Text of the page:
Whether use of a property for ‘Airbnb’ subletting breached terms of lease
Bermondsey Exchange Freeholders Limited v Ninos Koumetto (as Trustee in Bankruptcy of Kevin Geoghehan Conway  concerned a flat in South London, let to the leaseholder by a 999-year lease. The leaseholder began to sublet the property, firstly on assured shorthold tenancies in common with many of the building’s other leaseholders, and subsequently on short-term lets through websites such as Airbnb. The landlord, a company owned by the leaseholders of the building, sought an injunction against such use on the grounds of nuisance, security and impact on the community.
The County Court granted the injunction, which prevented the leaseholder from using the property for short-term lettings. The landlord’s consent had not been given to the use of the property for this purpose, and the leaseholder had breached the terms of his lease. The leaseholder’s Trustee in Bankruptcy appealed the decision, in particular addressing the interpretation of the lease provisions and the terms of the injunction.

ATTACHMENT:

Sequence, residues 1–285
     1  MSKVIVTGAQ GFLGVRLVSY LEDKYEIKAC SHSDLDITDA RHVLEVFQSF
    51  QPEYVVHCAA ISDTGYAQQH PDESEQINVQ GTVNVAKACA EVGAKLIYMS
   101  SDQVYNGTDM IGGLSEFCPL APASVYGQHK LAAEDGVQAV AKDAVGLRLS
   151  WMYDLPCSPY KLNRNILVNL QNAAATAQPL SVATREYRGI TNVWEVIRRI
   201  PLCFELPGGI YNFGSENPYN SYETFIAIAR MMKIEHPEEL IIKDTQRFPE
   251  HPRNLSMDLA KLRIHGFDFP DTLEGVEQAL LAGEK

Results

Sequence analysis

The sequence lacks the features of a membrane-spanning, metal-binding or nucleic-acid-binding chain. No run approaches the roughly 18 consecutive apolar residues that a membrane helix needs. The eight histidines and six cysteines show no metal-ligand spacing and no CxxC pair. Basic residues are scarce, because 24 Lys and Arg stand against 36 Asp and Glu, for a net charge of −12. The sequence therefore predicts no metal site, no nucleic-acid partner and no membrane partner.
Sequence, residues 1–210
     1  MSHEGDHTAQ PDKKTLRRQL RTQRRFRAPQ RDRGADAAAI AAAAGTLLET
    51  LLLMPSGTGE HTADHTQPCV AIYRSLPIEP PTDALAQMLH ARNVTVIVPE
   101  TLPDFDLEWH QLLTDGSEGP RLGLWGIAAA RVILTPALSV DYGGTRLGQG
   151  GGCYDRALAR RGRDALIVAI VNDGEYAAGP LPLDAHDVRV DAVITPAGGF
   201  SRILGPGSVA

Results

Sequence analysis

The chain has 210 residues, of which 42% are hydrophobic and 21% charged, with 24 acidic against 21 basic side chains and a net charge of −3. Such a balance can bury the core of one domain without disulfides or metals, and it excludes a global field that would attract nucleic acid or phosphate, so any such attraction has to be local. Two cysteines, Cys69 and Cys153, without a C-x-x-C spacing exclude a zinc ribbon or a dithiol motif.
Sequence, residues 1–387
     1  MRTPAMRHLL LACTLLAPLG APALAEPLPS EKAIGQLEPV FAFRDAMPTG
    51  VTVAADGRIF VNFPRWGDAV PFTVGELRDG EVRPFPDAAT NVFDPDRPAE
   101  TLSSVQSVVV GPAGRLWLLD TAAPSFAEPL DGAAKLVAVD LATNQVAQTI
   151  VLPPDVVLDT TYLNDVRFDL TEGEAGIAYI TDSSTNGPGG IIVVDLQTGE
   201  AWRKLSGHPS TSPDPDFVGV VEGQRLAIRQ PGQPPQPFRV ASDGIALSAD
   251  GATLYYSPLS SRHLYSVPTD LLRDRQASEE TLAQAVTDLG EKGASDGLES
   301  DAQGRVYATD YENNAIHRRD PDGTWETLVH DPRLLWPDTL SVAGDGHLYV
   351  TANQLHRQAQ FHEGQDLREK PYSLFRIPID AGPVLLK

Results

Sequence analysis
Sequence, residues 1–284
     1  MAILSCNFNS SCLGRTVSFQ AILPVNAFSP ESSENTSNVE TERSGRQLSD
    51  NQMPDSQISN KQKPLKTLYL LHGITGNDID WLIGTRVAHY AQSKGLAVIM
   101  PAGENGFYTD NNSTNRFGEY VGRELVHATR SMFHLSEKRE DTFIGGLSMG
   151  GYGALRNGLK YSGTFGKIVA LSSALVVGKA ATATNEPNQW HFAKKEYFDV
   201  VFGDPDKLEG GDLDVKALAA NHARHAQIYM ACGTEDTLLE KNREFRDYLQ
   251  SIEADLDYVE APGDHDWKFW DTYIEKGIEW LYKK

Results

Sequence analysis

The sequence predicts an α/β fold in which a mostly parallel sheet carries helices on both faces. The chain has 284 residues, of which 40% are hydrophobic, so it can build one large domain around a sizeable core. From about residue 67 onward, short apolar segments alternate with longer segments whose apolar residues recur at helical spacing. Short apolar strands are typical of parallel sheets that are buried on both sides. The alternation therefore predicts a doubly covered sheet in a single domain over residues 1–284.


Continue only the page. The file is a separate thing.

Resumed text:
The Trustee’s appeal was dismissed and the injunction confirmed. The short-term lettings breached the terms of the lease which prohibited ‘parting with or sharing possession or permitting any company or person to share occupation of the flat except by means of an assignment or underlease with the consent of the landlord’.
Further, by letting out the property to paying visitors, the property was no longer being used solely as a residential flat but for commercial hire, which was in breach of the lease’s user covenant prohibiting use other than as a residential flat occupied by one family. Without the landlord’s consent, the leaseholder was in breach of his lease terms, which were clear.
Advice and action for landlords
The terms of the lease in this case are common across most residential leases, and this decision supports landlords who may be experiencing difficulties with leaseholders and occupiers advertising properties for short-term lets through Airbnb and similar sites. We anticipate that similar litigation will continue to develop as landlords become more aware of breaches.
Lease terms are clear and unambiguous, and it is fair to seek an injunction on grounds such as nuisance, security concerns and disruption to the community of the building. Fundamentally, landlords are reassured that an injunction is an appropriate and viable course of action against leaseholders who breach covenants in this way.
The terms of this lease are common across most residential leases, and this decision supports landlords who may be experiencing difficulties with leaseholders advertising properties for short-term lets.